Art. 21. He shall see that at the crossing of each of the rivers on the public roads where a town is founded, a ferry is established at the cost of the inhabitants of said town, a moderate rate of ferriage shall bo established to pay the salary of the ferryman and the cost of the necessary boats, and the balance shall be applied to the public funds of the towns.
Art. 22. In places where there are no towns, and where ferries are necessary, the colonists who may be settled there, shall be charged with tho establishment of the ferry, collecting a moderate ferriage until such ferries are rented out for the use of the state. Any colonist who wishes to establish a ferry on the terms above indicated, shall form an exact and certified account of the costs which he may be at for the building of boats, and also an account of the produce of the ferry, in order that when said ferry is rented out for the use of the state, he shall have a right to receive the amount of said expenses which had not already been covered by the produce of the ferry, which for the present he will collect.
Art. 23. He shall preside at the popular elections mentioned in the 40th article of the colonization law, for the appointment of the Ayuntamiento, and shall put the elected in possession of their offices.
Art. 24. He shall take special care that the portions of land granted to the colonists by article 14,15, and 16, shall be measured by the surveyors with accuracy, and not permit any one to include more land than is designated by law, under the penalty of being personally responsible.
Art. 25. Should any colonist solicit, in conformity with the 17th article of the law, an augmentation of land beyond that designated in the preceding articles on account of the size of his family, industry, or capital, he shall present his petition in writing to the commissioner, stating all the reasons on which he founds his petition, who shall transmit it to the Governor of the State, together with bis opinion; for which opinion he shall be responsible in the most rigid manner, in order that the Governor may decide on the subject.
Art. 26. All the public instruments, titles, or other documents, issued by the commissioner, shall be written in Spanish, the memorials, decrees, and reports of the colonists or empressarios on any subject whatever, shall be written in the same language, whether they are to be transmitted to government, or preserved in the archives of the colony.
Art. 27. All public instruments or titles of possession, and the copies signed by the Commissioner, shall be attested by two assistant witnesses.
Art. 28. The Commissioner shall be personally responsible for all acts or measures performed by him, contrary to the colonization law or these instructions.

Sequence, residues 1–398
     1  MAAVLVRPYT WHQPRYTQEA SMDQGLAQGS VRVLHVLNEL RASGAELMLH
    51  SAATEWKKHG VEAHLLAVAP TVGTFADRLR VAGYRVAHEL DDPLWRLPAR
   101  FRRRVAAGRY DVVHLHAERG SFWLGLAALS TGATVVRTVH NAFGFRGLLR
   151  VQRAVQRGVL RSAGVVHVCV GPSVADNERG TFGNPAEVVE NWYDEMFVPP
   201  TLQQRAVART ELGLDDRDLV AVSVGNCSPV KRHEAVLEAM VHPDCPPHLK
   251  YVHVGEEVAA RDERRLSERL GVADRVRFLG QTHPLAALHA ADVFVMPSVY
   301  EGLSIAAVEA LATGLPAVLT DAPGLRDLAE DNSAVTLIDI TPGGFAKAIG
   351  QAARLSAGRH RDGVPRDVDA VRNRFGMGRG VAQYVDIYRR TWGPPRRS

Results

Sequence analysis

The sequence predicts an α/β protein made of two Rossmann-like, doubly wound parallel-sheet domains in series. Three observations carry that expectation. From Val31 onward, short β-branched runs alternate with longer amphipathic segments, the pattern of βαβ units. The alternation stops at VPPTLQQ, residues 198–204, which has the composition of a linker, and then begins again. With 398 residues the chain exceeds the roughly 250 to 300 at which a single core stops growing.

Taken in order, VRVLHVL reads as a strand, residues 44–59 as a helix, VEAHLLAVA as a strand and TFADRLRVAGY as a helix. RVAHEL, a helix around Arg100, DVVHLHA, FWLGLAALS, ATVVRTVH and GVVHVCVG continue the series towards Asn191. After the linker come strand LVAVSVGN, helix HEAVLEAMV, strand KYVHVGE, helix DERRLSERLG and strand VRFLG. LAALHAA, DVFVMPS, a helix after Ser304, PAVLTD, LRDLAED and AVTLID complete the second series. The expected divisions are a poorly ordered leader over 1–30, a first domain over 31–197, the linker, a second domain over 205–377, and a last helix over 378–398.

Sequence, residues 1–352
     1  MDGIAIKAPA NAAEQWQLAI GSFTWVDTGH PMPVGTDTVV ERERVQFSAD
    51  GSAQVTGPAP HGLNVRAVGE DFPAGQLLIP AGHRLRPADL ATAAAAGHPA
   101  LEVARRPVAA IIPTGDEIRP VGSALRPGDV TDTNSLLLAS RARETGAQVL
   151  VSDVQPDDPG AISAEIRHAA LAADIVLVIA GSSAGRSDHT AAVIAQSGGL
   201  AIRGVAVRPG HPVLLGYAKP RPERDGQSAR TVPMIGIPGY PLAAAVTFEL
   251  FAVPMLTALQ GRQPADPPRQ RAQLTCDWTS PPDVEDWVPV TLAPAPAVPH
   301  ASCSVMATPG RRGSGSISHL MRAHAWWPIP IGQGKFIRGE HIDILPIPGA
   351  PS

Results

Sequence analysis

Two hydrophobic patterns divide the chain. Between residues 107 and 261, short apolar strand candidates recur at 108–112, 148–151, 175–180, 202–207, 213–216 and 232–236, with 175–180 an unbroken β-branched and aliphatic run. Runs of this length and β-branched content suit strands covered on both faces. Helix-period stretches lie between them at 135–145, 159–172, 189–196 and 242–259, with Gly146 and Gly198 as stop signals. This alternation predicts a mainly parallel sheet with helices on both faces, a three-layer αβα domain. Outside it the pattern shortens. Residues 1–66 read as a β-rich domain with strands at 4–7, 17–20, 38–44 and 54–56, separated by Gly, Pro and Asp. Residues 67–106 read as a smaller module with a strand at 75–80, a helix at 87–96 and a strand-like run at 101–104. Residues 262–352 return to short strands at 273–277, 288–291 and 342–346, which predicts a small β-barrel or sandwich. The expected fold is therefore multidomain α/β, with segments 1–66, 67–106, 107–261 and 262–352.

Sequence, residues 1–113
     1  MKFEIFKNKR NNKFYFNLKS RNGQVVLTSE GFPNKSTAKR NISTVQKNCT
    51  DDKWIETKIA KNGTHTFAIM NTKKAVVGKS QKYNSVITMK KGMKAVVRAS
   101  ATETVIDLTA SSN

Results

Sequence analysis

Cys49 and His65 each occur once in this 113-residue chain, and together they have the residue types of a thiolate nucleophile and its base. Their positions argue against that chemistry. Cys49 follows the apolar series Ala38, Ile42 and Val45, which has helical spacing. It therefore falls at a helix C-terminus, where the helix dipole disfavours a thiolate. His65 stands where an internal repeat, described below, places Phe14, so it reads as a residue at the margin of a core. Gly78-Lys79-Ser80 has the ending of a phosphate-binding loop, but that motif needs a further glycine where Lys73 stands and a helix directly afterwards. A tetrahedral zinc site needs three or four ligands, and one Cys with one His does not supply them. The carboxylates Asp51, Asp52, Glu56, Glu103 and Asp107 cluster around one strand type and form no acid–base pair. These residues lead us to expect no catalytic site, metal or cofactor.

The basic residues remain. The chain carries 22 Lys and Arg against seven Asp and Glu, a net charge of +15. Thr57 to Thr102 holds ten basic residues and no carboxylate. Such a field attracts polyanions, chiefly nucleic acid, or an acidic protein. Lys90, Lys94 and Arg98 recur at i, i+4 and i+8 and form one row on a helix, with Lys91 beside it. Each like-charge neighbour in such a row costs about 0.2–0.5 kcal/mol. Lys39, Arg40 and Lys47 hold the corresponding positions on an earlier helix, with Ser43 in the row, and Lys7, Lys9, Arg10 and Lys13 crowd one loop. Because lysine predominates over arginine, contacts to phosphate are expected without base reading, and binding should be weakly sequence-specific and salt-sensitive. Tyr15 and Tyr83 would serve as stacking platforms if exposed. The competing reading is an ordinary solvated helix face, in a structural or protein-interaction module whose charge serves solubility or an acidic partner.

A Copy.—Saltillo, September 4th, 1827.
TIJERINA, ) Secretaries of
A Copy, JUAN ATONIO PADILLA, Secretary of State. GLOSSARY.
GIVING TOE SIGNIFICATION OF SOME OBSCURE TEEMS, USED IN THE MINING ORDINANCES OF NEW SPAIN.
Abras (clefts or fissures). Are fissures in the hills, demonstrating the force of some subterraneous expansion, which has torn them asunder. They are indications of veins, as is the spar generally found about their entrance.
Acldcar (to diminish). A mining term, referring to the lowering of the water in any work or level. The workmen employed for this purpose are called Achicadores.
Achichinques. Workmen employed to collect the water from the lower springs in the mines, in buckets of ox hide, and to empty it into the cisterns, or into the sump of the pit.
Ademes. Coverings or linings of timber, by means of which the pits, pillars of support, and works generally, are secured and strengthened. The workman employed in this business is called an Ademador.
Ajinacion (refining). Is the separating from the plates or ingots of silver, the dross always combined with them after smelting.
Alcribis or Tovera (twer or tuyere). A kind of funnel, into which the nozzle of the bellows of smelting furnaces is fitted, to conduct tbe blast.
Aparejo (tackel). A machine for raising the timber linings of the pits, when they give way or become loose; also for raising certain large beams called Haves, on which the whims rest.
Aperos (implements). All the requisites for keeping in working order the pits and draw wells, for erecting sheds, and for other matters relating to the underground works of the mines. The person who has all such articles under his care, and who distributes them when called for, is called the Aperado.
A pique (downwards). To work a pique is to work by sinking perpendicularly downwards, in the perpendicular veins.
Apuradores (gleaners.) Men or women who seek for particles of metal in the refuse of the amalgamation works.
Atacador (rammer.) A smooth cylindrical tool, more slender than a borer (barrcna,-) for ramming in the cartridge with which the rock is blasted.